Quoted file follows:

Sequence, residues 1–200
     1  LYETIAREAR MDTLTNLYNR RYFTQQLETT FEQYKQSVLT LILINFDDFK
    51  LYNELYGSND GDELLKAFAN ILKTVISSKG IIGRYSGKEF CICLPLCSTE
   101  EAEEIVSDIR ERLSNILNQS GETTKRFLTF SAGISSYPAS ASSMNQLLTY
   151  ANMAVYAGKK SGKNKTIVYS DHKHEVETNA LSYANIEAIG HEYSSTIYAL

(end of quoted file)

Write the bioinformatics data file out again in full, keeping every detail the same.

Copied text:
Sequence, residues 1–200
     1  LYETIAREAR MDTLTNLYNR RYFTQQLETT FEQYKQSVLT LILINFDDFK
    51  LYNELYGSND GDELLKAFAN ILKTVISSKG IIGRYSGKEF CICLPLCSTE
   101  EAEEIVSDIR ERLSNILNQS GETTKRFLTF SAGISSYPAS ASSMNQLLTY
   151  ANMAVYAGKK SGKNKTIVYS DHKHEVETNA LSYANIEAIG HEYSSTIYAL